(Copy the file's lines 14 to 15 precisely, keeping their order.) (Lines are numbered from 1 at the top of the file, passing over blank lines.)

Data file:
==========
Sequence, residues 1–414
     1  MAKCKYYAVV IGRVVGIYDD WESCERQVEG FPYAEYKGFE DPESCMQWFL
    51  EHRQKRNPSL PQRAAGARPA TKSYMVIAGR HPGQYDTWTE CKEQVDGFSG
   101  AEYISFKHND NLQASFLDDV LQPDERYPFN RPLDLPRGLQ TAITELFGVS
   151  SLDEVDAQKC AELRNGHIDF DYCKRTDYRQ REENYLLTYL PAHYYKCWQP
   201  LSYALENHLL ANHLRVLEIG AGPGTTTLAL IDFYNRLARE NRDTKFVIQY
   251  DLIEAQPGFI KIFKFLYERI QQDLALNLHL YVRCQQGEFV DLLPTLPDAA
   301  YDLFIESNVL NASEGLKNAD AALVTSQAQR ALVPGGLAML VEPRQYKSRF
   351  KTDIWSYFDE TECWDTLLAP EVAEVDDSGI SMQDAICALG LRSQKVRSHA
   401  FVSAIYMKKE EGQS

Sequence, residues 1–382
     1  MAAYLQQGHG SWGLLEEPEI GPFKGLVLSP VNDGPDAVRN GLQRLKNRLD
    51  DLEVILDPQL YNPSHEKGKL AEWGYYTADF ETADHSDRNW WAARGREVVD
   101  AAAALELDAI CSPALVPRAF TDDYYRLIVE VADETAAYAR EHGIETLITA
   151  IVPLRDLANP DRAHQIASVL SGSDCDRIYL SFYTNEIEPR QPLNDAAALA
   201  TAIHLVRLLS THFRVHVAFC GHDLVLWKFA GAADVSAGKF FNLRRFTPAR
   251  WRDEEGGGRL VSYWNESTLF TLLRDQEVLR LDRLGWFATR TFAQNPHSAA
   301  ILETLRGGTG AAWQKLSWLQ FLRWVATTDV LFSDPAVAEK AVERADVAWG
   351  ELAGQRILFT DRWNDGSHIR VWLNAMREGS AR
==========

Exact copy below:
   101  AAAALELDAI CSPALVPRAF TDDYYRLIVE VADETAAYAR EHGIETLITA
   151  IVPLRDLANP DRAHQIASVL SGSDCDRIYL SFYTNEIEPR QPLNDAAALA